Role of Mesoscale Eddies in Cross-Frontal Transport of Heat and Biogeochemical Tracers in the Southern Ocean

TitleRole of Mesoscale Eddies in Cross-Frontal Transport of Heat and Biogeochemical Tracers in the Southern Ocean
Publication TypeJournal Article
Year of Publication2015
JournalJournal of Physical Oceanography
Volume45
Pages3057-3081
Date Published12/2015
Abstract / Summary

This study examines the role of processes transporting tracers across the Polar Front (PF) in the depth interval between the surface and major topographic sills, which this study refers to as the ‘‘PF core’’. A preindustrial control simulation of an eddying climate model coupled to a biogeochemical model [GFDL Climate Model, version 2.6 (CM2.6)– simplified version of the Biogeochemistry with Light Iron Nutrients and Gas (miniBLING) 0.18 ocean model] is used to investigate the transport of heat, carbon, oxygen, and phosphate across the PF core, with a particular focus on the role of mesoscale eddies. The authors find that the total transport across the PF core results from a ubiquitous Ekman transport that drives the upwelled tracers to the north and a localized opposing eddy transport that induces tracer leakages to the south at major topographic obstacles. In the Ekman layer, the southward eddy transport only partially compensates the northward Ekman transport, while below the Ekman layer, the southward eddy transport dominates the total transport but remains much smaller in mag- nitude than the near-surface northward transport. Most of the southward branch of the total transport is achieved below the PF core, mainly through geostrophic currents. This study finds that the eddy-diffusive transport reinforces the southward eddy-advective transport for carbon and heat, and opposes it for oxygen and phosphate. Eddy-advective transport is likely to be the leading-order component of eddy-induced transport for all four tracers. However, eddy-diffusive transport may provide a significant contribution to the southward eddy heat transport due to strong along-isopycnal temperature gradients. 

Journal: Journal of Physical Oceanography
Year of Publication: 2015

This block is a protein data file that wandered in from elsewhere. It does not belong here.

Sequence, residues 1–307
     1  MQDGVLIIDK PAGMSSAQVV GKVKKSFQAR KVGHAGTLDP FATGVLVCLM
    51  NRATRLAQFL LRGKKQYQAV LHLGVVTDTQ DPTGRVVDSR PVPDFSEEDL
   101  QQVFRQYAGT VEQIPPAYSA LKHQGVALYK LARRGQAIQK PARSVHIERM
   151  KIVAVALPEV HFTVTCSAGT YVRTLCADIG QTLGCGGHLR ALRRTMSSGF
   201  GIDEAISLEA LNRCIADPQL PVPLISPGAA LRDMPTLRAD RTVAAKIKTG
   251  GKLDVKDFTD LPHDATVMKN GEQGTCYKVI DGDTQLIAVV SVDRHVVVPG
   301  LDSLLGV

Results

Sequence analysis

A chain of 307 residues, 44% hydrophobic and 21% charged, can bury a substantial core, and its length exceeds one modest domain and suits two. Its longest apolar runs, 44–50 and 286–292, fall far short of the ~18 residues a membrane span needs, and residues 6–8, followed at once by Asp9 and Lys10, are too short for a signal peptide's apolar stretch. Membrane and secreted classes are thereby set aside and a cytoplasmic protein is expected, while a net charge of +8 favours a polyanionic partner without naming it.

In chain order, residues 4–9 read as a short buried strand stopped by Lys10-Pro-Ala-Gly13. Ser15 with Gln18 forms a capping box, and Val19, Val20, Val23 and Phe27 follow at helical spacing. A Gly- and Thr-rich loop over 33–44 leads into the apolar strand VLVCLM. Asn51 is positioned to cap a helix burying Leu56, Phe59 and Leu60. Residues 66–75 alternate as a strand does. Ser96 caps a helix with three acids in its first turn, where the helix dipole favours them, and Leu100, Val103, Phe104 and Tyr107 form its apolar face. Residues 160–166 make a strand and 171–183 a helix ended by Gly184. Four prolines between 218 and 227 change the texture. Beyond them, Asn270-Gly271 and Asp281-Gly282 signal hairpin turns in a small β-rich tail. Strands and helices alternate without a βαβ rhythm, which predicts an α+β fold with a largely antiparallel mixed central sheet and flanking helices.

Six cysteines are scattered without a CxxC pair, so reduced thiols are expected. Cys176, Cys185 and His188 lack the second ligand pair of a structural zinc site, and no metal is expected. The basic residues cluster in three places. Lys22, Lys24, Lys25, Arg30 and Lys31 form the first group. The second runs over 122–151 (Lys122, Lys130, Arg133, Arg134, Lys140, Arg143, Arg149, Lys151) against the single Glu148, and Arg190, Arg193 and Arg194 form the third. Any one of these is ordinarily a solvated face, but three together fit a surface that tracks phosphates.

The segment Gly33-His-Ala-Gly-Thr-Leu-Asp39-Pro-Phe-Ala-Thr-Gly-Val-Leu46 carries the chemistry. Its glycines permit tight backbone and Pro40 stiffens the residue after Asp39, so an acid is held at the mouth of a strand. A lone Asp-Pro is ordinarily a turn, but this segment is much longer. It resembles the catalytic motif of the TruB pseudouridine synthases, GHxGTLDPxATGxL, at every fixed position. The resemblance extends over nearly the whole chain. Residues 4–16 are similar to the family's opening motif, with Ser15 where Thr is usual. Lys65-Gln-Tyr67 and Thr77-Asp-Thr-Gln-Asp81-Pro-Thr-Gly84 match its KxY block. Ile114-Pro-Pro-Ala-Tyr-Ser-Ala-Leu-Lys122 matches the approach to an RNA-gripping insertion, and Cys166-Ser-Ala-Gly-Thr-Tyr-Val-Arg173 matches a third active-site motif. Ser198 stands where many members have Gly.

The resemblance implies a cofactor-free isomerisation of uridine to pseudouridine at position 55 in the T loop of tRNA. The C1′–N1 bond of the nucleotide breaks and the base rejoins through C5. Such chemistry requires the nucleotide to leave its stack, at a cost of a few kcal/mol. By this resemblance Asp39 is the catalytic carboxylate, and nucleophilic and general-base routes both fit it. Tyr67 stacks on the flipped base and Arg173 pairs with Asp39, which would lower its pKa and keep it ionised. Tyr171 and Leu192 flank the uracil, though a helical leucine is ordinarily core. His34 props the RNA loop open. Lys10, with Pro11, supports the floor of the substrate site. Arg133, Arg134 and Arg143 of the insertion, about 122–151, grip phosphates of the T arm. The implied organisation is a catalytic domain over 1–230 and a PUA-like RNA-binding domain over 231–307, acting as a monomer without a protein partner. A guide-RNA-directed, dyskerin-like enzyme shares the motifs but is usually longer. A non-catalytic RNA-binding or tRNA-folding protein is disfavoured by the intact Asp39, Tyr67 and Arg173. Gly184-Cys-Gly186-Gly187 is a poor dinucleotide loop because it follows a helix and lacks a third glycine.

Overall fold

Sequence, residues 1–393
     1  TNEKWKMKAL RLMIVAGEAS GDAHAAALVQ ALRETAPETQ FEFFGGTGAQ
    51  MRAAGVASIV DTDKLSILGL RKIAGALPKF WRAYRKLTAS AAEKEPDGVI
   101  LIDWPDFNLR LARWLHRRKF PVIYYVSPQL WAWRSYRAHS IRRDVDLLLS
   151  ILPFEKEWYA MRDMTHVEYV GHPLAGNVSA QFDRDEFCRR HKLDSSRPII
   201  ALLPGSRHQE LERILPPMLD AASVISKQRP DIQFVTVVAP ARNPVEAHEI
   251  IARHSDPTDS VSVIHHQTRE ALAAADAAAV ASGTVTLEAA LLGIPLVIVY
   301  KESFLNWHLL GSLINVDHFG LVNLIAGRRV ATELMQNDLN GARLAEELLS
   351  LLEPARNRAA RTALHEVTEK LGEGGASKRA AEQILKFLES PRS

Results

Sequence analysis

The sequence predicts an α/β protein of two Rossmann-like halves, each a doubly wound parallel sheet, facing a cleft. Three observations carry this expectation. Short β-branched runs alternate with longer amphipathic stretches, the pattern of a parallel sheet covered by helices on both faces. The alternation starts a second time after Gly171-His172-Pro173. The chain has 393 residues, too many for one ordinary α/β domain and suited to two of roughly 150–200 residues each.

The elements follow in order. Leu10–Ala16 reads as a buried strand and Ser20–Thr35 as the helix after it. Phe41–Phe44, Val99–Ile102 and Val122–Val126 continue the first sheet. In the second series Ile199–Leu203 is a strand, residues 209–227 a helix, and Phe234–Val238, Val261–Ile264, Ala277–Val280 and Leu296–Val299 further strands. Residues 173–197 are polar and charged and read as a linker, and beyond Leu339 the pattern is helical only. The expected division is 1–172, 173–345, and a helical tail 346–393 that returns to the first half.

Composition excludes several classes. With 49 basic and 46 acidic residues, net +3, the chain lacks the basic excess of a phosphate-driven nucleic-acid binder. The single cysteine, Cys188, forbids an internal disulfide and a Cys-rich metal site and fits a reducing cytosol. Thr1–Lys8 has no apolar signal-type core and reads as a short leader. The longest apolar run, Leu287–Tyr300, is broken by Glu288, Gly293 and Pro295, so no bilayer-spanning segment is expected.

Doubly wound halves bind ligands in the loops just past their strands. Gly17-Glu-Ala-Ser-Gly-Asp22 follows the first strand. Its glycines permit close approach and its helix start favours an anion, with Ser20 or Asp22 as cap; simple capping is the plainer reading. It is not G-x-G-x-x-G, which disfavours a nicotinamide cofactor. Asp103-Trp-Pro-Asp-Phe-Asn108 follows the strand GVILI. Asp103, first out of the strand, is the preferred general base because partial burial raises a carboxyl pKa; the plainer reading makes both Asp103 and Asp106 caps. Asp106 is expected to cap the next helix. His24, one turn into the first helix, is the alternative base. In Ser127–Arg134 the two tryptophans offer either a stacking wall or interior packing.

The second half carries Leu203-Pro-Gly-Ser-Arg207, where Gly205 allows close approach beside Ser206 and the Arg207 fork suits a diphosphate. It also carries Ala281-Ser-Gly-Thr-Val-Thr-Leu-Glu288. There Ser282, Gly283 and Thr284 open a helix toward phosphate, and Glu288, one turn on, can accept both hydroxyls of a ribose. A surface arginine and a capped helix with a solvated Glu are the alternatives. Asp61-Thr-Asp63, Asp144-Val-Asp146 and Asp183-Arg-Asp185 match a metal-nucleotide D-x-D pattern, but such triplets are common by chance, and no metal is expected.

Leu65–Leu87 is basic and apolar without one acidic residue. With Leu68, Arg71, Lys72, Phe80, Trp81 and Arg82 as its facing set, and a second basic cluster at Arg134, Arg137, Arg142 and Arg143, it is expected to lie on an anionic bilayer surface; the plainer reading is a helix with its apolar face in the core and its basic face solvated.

Volume: 45
Pages: 3057-3081
Date Published: 12/2015

This study examines the role of processes transporting tracers across the Polar Front (PF) in the depth interval between the surface and major topographic sills, which this study refers to as the ‘‘PF core’’. A preindustrial control simulation of an eddying climate model coupled to a biogeochemical model [GFDL Climate Model, version 2.6 (CM2.6)– simplified version of the Biogeochemistry with Light Iron Nutrients and Gas (miniBLING) 0.18 ocean model] is used to investigate the transport of heat, carbon, oxygen, and phosphate across the PF core, with a particular focus on the role of mesoscale eddies. The authors find that the total transport across the PF core results from a ubiquitous Ekman transport that drives the upwelled tracers to the north and a localized opposing eddy transport that induces tracer leakages to the south at major topographic obstacles. In the Ekman layer, the southward eddy transport only partially compensates the northward Ekman transport, while below the Ekman layer, the southward eddy transport dominates the total transport but remains much smaller in mag- nitude than the near-surface northward transport. Most of the southward branch of the total transport is achieved below the PF core, mainly through geostrophic currents. This study finds that the eddy-diffusive transport reinforces the southward eddy-advective transport for carbon and heat, and opposes it for oxygen and phosphate. Eddy-advective transport is likely to be the leading-order component of eddy-induced transport for all four tracers. However, eddy-diffusive transport may provide a significant contribution to the southward eddy heat transport due to strong along-isopycnal temperature gradients. 

Citation:
2015.  "Role of Mesoscale Eddies in Cross-Frontal Transport of Heat and Biogeochemical Tracers in the Southern Ocean."  Journal of Physical Oceanography 45: 3057-3081.